You could be reading the full-text of this article now if you...

If you have access to this article through your institution,
you can view this article in

The Effects of Specific Preconditioning Activities on Acute Sprint Performance

Guggenheimer, Joshua D; Dickin, D Clark; Reyes, Gabriel F; Dolny, Dennis G

Journal of Strength & Conditioning Research:
doi: 10.1519/JSC.0b013e318191892e
Original Research

Guggenheimer, JD, Dickin, DC, Reyes, GF, and Dolny, DG. The effects of specific preconditioning activities on acute sprint performance. J Strength Cond Res 23(4): 1135-1139, 2009-Previous research suggests that specific preconditioning activities such as whole-body vibration (WBV) and resistance training may play an important role in ensuing dynamic activities. The purpose of this study was to examine the effects of 2 preconditioning activities, WBV and power cleans (PC), on acute sprint performance. Two studies were conducted in which 14 (WBV) and 9 (PC) male track and field athletes were subjects. The WBV treatment consisted of 4 bouts of 5 seconds of high-knee running on a vibrating platform at 0, 30, 40, or 50 Hz. The PC treatment consisted of 3 PC reps at 90% 1RM. In both cases, acute sprint performance was the dependent variable of interest. For WBV, split times were recorded at 10, 20, and 40 m. Reaction times (RXN) as well as 5-, 10-, and 40-m split times were recorded for the PC study. Results indicated no significant differences between treatment and nontreatment groups for both studies. However, significant correlations were present between RXN and 5-m splits (r = 0.65) and RXN and 10-m splits (r = 0.63), although they decreased as a function of sprint distance to r = 0.43 at 40 m. These results suggest little efficacy for the use of WBV and PC as a means of augmenting acute sprint performance. However, a trend within the 30-Hz protocol may suggest that WBV as part of a warm-up for sprinting activities greater than 40 m (i.e., 100 m) could potentially result in a decreased sprint time of nearly 1/10th of a second, which is worth future consideration.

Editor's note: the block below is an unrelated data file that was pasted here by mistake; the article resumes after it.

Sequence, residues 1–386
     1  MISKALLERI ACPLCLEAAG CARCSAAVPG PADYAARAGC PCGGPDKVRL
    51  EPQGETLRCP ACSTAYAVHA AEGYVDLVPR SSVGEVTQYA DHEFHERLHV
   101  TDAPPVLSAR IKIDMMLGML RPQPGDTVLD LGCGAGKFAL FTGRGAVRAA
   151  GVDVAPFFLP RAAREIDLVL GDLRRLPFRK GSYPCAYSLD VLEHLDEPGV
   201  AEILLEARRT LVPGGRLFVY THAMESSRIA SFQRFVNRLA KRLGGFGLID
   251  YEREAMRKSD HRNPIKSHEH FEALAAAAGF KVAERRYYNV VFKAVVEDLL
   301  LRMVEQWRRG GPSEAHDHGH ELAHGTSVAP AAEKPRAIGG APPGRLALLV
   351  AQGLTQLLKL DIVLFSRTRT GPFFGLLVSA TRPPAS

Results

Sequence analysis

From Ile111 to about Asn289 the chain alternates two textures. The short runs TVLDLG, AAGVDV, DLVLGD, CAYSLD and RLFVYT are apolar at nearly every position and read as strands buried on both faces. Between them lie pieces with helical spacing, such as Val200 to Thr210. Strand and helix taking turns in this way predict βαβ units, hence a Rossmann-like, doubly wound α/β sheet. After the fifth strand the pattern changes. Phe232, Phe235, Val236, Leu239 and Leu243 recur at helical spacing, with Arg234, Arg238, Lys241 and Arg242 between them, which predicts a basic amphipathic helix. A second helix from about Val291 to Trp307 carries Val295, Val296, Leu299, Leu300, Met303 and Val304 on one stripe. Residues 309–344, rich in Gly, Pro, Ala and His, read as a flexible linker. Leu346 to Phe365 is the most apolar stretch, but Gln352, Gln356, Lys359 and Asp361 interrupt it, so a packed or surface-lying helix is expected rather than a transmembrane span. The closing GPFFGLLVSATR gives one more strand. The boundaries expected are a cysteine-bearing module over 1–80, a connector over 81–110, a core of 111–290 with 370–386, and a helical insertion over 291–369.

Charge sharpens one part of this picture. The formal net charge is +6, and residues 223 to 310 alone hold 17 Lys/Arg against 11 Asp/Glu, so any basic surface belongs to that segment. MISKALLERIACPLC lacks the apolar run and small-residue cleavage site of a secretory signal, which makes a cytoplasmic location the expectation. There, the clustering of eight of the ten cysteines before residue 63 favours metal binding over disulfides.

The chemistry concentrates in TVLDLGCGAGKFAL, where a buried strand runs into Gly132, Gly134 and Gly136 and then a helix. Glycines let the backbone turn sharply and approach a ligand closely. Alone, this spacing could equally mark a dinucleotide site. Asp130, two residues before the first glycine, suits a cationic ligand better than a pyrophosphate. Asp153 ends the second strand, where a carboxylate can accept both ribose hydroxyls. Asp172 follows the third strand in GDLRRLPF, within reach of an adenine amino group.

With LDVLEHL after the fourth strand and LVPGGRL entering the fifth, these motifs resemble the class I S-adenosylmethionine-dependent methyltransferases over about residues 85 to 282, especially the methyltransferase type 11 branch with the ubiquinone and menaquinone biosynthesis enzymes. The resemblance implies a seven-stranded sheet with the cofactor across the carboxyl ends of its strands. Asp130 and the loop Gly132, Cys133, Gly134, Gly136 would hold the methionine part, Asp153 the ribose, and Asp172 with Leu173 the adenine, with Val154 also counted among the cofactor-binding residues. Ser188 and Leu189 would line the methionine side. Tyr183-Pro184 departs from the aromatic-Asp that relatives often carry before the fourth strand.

Author Information

Department of Health, Physical Education, Recreation, and Dance, University of Idaho, Human Performance Laboratory, Moscow, Idaho

Address correspondence to Joshua D. Guggenheimer,

© 2009 National Strength and Conditioning Association